How to teach English pronunciation
Posted on 8-03-2018 by Joseph Francis
When you’re struggling to curtail the Bs on the end of ‘bomb’ or wrestling with students who can’t see the difference between ‘mud’, ‘blood’, and ‘flood’, it might just be time to focus in on speaking skills. The thing is, it’s notoriously difficult to get non-natives humming out the Queen’s, crossing their verbal Ts and dotting their verbal Is as it were. To help you through the quagmire of silent sounds and stressed consonants, we’ve put together this hit list of tips on how to teach English pronunciation. It should help you keep those speaking skills aplomb – see what we did there?
Crank up the Student Talking Time (STT)
We’ve said it before and we’ll say it again: Student Talking Time is one of the holy grails of classroom activities. It refers to any period during a lesson that you’re schtum and the pupils are chatting – in English, of course. That could be a free-flowing practice session at the end of a vocabulary lead-in. It could be the fruits of a good pair activity. It could even be just idle gossip. If it’s in any way related to the Target Language, you’d be wise not to stop it. The reason? It helps raise confidence in speaking, yes, but can also be a cracking way to test pronunciation skills. You’ll soon find that students correct each other, learn from each other’s verbal output, and eventually forge some sort of peer-to-peer feedback loop. Now that’s how to teach English pronunciation…
Be aware of WHO you’re teaching
It’s always important for ESL teachers to remember that non-native learners of English are often approaching the lingo with knowledge of a whole different alphabetical system. That’s especially true if you’re teaching in countries like China, Thailand, Vietnam, or in places like Eastern Europe, where the scripts range from augmented characters to Cyrillic. The upshot is that a teacher in Beijing is likely to have to focus a lot more on pronunciation skills than, say, a teacher in Paris or Rome.
Use repetition. Use repetition. Use repetition
The benefits of re-covering language material are well-documented. If you’re wondering how to teach English pronunciation effectively, then taking a similar approach can really help. We’re not only talking about ensuring you repeat Target Language aims from lesson to lesson, but also repeat the same pronunciation itself several times within a lesson. In other words, literally stand there and say ‘flood’ or ‘mood’, ‘visa’ or ‘antidisestablishmentarianism’ over and over again until you hear your students do it correctly. There’s really nothing like hear and repeat to drill the ins and outs of curious vowels and consonant sounds.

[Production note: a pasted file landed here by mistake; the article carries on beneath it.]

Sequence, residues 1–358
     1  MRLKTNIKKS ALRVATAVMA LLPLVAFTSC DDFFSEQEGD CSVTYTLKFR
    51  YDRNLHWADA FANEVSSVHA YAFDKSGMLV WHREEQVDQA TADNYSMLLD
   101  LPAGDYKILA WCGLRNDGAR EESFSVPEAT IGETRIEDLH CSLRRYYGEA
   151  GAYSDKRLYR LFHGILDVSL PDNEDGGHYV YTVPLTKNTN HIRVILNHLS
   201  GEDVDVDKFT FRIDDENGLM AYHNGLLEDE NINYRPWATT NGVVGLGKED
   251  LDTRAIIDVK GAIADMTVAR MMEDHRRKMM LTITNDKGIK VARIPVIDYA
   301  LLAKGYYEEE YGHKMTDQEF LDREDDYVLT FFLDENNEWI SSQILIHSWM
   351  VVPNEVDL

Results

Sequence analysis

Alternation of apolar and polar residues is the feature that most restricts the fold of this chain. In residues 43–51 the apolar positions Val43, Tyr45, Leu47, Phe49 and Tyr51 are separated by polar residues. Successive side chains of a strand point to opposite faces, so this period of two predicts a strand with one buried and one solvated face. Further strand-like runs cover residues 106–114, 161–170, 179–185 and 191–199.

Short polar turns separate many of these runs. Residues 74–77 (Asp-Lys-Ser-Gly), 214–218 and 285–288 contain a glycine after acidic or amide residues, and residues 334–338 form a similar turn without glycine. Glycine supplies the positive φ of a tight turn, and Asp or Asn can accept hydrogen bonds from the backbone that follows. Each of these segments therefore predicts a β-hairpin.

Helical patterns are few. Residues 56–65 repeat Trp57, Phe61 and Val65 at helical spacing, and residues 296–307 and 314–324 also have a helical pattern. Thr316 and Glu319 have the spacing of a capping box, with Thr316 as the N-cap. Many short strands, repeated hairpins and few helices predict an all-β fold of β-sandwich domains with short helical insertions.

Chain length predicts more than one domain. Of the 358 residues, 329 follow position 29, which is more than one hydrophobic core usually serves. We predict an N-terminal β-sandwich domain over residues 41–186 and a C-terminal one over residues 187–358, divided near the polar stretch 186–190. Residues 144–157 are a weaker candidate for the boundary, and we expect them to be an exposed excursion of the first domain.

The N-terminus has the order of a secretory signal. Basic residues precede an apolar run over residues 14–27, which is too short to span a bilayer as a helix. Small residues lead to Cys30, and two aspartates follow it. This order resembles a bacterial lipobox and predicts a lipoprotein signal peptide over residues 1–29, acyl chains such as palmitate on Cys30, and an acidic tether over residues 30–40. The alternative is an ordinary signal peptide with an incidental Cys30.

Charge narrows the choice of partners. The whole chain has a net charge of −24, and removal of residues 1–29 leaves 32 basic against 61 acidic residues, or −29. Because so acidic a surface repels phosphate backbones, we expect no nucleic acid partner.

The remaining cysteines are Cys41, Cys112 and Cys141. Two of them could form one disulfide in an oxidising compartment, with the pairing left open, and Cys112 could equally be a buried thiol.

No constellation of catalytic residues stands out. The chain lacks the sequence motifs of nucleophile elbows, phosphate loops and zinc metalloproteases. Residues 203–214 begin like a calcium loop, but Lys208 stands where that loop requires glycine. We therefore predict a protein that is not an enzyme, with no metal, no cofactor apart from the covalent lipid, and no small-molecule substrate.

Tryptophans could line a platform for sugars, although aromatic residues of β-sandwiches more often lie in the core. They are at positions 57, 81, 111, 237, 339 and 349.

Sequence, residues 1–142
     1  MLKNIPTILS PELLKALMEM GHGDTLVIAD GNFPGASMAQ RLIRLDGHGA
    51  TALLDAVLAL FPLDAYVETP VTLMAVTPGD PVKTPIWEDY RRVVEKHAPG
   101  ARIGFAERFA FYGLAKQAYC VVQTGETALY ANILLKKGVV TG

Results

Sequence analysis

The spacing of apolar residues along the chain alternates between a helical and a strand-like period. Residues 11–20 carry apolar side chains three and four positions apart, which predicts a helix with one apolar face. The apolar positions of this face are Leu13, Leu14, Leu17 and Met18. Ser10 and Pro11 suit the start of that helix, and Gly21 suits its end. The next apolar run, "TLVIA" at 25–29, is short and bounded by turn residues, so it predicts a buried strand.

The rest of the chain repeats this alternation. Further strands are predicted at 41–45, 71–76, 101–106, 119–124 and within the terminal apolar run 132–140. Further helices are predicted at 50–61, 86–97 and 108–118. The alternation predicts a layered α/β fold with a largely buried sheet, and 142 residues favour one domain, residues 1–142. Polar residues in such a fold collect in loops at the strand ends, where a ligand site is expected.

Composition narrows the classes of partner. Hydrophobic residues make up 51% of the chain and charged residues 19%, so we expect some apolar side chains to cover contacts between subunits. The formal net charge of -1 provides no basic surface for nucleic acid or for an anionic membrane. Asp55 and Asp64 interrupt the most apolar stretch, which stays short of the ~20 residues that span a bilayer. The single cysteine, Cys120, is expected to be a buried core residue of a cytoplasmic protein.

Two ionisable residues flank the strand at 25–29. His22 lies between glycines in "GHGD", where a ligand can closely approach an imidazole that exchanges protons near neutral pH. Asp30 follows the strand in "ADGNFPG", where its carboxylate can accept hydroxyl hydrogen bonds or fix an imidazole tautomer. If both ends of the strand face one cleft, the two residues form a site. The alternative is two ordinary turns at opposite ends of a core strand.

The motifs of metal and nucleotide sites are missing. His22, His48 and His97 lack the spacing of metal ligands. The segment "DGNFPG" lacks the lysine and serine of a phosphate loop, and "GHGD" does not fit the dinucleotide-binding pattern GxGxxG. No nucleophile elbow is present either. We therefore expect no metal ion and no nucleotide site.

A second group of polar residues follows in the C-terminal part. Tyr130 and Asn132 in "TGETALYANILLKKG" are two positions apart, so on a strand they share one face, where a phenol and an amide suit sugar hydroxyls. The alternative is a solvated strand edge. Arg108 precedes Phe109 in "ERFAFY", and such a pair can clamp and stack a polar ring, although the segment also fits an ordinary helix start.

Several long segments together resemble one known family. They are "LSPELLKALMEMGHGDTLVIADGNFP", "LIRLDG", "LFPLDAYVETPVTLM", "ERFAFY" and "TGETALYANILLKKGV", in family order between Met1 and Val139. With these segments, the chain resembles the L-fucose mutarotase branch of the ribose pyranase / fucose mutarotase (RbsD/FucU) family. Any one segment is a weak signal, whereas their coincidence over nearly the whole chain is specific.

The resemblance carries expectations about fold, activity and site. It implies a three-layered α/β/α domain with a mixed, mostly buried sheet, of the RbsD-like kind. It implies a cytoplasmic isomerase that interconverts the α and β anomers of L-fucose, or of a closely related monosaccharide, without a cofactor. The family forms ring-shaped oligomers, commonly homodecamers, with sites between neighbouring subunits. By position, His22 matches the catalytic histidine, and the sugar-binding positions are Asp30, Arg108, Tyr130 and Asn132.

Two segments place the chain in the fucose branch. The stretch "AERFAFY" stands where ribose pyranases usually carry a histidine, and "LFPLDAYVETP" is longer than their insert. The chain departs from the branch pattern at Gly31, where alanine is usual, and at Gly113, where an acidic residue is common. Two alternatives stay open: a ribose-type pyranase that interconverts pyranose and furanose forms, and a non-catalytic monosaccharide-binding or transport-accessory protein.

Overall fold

Isolate minimal pairs
Now we’re getting into the real nitty gritty of how to teach English pronunciation. Minimal pairs refer to any duo of words which differ in just a single phonological element. In laymen’s terms, that means something like ‘pin’ and ‘bin’, or – and this one should help you understand how a focus on these tricky little partners can help in a quest for the Queen’s – ‘ran’ and ‘rain’. See how doing exercises that home in on the particular sound changes in the latter can reveal the effect an additional vowel has on the whole word?
Rhyming and music
No matter if it’s a Romantic poem or a rambunctious rock ballad, you can always fall back on trusty rhythm to convey some seriously central aspects of speech. Think of it this way – there’s a reason why nursery rhymes, Shakespearean pentameters, and even the lyrics of ZZ Top sound good. It’s because they’ve used English in a way that works. Part of that is manipulating pronunciations to create positive and negative rhymes; rhymes which can help reveal the sounds and character of words to students approaching the language for the first time. What’s more, lyrics of songs are easier to remember than bland old teacher speak, don’t you think?
There are oodles more tips that could help you in your quest to discover how to teach English pronunciation. If you’ve any more to add, we’d love to hear about them in the comments below. Or, if you think it’s time you got TEFL qualified and traveling, be sure to head over to our courses page…